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What is known in contemporary mathematics about orders of growth for functions that exceed any degree polynomial, but fall short of exponential? This is a subject for which I've found little literature in the past.

An example: $Ae^{a\sqrt x}$ clearly will outrun any finite degree polynomial, but will be outrun by $Be^{bx}$.

If we replace $x$ with $y^2$ then that example doesn't seem so deep. Are there functions that exceed polynomial growth yet fall short of $Ae^{ax^p}$ for any power $0<p<1$? What classes of functions can we distinguish with different kinds of in-between orders of growth? What can we know about their power series expansions, or behavior in the complex plane? Those are examples of the kinds of questions I have, and would like to find literature on.

Have any definitions or terminology been established concerning this? The right jargon will facilitate searching.

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I added the computational-complexity tag since that's such a locus of interest in questions like these. – Kevin Carlson Nov 1 '12 at 8:24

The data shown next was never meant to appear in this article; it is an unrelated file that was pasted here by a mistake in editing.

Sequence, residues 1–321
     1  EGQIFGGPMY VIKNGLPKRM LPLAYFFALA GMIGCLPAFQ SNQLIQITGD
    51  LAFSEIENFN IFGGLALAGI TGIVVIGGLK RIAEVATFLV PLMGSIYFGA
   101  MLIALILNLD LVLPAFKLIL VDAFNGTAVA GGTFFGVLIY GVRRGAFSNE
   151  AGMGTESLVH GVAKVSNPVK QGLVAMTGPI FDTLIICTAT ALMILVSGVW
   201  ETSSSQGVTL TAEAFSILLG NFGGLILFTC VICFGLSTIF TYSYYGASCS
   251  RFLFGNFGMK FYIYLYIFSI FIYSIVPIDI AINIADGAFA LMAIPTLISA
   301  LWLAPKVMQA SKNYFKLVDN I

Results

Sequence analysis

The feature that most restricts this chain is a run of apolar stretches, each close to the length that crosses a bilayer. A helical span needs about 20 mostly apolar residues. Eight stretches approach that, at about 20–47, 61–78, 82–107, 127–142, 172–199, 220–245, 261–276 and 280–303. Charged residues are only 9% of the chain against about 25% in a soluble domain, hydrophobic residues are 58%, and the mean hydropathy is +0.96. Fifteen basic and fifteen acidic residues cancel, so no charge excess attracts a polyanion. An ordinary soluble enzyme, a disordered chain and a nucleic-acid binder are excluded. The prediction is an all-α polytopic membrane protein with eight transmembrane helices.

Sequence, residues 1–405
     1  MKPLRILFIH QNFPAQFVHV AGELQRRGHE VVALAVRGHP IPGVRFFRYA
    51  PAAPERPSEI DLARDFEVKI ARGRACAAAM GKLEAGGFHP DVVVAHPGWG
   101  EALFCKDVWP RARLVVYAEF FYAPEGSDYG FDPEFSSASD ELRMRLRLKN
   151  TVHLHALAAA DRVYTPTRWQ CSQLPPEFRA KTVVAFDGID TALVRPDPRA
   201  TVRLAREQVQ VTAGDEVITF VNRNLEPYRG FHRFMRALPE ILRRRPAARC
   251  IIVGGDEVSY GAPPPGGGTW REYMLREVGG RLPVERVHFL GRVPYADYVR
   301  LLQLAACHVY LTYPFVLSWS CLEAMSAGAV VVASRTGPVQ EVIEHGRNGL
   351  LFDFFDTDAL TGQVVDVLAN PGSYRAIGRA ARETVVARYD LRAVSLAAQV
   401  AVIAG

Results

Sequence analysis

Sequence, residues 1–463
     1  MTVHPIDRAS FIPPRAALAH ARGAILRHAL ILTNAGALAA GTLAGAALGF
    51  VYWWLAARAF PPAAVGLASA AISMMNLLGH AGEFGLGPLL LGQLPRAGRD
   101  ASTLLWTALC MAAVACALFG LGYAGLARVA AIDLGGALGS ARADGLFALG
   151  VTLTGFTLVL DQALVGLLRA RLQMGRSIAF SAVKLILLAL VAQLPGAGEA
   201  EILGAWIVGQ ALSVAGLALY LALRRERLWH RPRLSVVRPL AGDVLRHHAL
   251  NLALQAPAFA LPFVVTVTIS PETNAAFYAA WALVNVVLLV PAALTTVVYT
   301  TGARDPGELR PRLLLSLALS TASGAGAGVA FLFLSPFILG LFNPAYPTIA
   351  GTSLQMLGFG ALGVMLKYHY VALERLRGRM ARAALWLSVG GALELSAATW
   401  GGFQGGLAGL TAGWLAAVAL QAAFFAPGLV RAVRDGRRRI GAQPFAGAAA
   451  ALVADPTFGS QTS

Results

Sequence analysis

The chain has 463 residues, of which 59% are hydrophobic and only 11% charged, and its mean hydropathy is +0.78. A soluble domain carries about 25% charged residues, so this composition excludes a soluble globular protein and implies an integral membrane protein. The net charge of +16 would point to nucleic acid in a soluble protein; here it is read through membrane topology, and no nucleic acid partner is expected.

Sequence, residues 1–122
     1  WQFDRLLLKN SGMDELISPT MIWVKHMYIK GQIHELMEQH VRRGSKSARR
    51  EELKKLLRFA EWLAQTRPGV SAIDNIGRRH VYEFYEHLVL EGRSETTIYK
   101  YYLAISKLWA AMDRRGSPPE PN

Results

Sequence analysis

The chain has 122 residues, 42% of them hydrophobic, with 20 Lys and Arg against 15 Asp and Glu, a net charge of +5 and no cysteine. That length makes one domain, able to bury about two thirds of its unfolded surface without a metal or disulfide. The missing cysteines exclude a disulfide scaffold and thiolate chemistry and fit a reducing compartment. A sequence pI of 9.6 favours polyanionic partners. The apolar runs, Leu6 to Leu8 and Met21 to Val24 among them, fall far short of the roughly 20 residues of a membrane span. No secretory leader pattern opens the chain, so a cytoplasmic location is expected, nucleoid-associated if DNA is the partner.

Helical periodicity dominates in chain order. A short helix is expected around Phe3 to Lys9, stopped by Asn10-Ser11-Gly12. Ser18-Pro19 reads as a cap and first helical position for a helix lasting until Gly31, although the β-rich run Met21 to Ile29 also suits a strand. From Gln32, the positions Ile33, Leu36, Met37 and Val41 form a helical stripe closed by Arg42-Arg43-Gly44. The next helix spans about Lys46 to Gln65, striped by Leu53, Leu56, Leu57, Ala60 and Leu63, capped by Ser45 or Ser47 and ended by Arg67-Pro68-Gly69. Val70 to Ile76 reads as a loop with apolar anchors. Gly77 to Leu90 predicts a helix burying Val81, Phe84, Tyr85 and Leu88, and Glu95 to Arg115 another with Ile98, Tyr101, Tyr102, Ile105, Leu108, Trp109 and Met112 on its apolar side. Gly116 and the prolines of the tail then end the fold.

up vote 7 down vote accepted

One of the best-known classes is the "quasi-polynomials", which are exponentials of polynomials in logs, e.g. $e^{\log^2(x)+\log x}$, which you might also write as $x^{\log(x)+1}$. As long as the degree of the exponent is greater than $1$, these fit between polynomial and exponential.

One has also the "sub-exponentials," which grow as $e^\phi$ where $\lim\limits_{x\to \infty}\frac{\phi(x)}{x}=0$. The most obvious examples that aren't quasi-polynomial are along the lines of the one you gave.

These don't exhaust the possibilities, though. You may be interested in a considerable volume of discussion over at MO of functions $f$ such that $f(f(x))$ is exponential.

These "half-exponentials" are in between the two classes I've described: a proper sub-exponential has an exponent that dominates all polynomials of logarithms, so its composition with itself has an exponent that dominates all polynomials-and thus isn't exponential. In the other direction, you can see that quasi-polynomials are closed under self-composition. Here's the latest thread, with links to others.

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Where you write "One has also the 'sup-exponentials'"... do you mean sub-exponential? I ask because you use the latter term later. – Alex Reinking Jun 5 at 21:32
I think I have two typos here. – Kevin Carlson Jun 6 at 1:18

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